Human sexuality explored

Rebecca Mohr

Sex. The three-letter word that involves decisions, communication, relationships, break-ups, one-night stands and drama. Human sexuality is a part of every person’s life and the focus of a class offered at Kent State.

Although the class is not required, many students and professors suggest the class as a learning experience.

“I have many students who come up and tell me that they think it should be required for all students because it provides a base for all parts of their world,” said Jennifer Ray-Tomasek, one of the classes’ professors. “For instance, communications is at the heart of relationships. Learning to have an understanding of communication is important.”

Rebecca Bennett, sophomore middle childhood education major, agreed.

“The most interesting subject that we talked about in class was the unit on love and communication,” Bennett said. “I would definitely recommend this class to other students because it teaches you valuable things about life in general, things that college students should be aware of.”

There are many different subjects covered in Human Sexuality. Among the list are media, gender formation and roles, anatomy and physiology, research, sexual orientation, sexually transmitted diseases, pregnancy, abortion, adoption and relationships.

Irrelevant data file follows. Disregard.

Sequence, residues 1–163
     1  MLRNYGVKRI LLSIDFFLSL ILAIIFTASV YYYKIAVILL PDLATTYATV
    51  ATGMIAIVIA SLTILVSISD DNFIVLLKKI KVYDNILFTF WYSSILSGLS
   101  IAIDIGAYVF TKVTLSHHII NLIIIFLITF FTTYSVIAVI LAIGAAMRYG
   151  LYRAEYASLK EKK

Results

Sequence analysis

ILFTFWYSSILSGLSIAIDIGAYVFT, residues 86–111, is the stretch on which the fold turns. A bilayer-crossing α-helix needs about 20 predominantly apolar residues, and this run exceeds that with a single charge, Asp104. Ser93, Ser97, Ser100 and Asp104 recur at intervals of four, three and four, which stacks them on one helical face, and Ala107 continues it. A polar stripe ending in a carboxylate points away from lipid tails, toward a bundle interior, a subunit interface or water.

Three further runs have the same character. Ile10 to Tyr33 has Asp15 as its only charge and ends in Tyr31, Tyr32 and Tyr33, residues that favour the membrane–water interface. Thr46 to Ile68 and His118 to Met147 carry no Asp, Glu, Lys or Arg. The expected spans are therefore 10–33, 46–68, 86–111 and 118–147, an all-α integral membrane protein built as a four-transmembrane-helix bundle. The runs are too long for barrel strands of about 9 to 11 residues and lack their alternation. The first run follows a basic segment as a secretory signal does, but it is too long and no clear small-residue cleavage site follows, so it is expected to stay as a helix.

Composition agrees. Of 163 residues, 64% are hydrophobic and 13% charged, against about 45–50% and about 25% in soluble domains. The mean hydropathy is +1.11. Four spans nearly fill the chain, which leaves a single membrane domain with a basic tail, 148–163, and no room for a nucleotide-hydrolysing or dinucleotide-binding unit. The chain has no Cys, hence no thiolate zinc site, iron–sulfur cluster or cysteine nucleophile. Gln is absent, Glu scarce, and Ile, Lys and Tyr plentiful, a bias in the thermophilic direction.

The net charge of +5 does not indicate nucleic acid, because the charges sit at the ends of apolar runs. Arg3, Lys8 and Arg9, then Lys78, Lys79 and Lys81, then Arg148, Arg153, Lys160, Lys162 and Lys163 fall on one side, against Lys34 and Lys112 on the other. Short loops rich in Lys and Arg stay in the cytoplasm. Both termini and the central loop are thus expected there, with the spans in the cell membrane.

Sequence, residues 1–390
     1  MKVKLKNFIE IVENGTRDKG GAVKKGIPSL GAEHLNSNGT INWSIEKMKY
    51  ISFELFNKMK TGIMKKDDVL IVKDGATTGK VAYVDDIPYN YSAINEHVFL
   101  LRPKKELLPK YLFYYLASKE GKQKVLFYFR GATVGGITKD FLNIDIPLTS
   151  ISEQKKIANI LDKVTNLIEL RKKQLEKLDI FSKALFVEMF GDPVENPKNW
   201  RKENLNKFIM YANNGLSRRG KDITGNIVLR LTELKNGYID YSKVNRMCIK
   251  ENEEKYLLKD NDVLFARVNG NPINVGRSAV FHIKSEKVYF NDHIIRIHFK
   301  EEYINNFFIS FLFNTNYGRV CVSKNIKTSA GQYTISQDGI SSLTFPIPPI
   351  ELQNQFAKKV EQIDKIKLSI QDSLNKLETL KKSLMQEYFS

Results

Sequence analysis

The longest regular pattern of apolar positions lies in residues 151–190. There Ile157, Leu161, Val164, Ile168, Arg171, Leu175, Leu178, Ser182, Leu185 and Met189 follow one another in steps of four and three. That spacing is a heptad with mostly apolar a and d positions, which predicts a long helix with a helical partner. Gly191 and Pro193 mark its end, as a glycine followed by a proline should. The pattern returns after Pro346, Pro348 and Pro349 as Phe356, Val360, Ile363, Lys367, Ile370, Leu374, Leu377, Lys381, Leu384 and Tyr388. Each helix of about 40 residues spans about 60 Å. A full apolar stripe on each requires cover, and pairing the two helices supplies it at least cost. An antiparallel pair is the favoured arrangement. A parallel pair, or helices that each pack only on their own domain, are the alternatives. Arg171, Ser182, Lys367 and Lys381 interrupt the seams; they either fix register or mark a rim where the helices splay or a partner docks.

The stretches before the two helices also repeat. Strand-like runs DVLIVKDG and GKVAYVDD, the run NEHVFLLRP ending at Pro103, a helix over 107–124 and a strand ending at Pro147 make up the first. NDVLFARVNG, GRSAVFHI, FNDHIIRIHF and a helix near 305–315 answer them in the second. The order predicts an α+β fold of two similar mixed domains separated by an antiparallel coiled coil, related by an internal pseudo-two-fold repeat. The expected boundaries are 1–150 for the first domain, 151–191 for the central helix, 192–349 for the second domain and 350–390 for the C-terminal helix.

Professor Laurie Wagner chooses to teach the class because of the issues that need to be taught.

“Without accurate information about sexuality, people suffer,” she said. “Whether they choose to express it or not, every single person has sexuality and deserves an opportunity to understand their body, feelings, relationships, risks and enormous responsibility of being sexual.”

Sexuality in today’s society is a hot topic.

“I find the rates of teen pregnancy, unintended pregnancy, sexual assault, rape, divorce and ignorance about basic body functions totally unacceptable,” Wagner said. “Also unacceptable to me is the pressure people experience to be ‘sexy,’ sexually active, abstinent or to fit some ‘norm’ that is usually not based on any actual facts.”

Human Sexuality is a class that people are encouraged to take. To gather a better understanding of sexuality or communications, sometimes a classroom setting is needed, professor Irene Axiotis said.

“One of the things to consider is that information about sexuality issues is available in a lot of places – magazines, Internet – but a class at the college level helps a student to make more informed choices about information presented to them,” she said.

Contact features correspondent Rebecca Mohr at [email protected].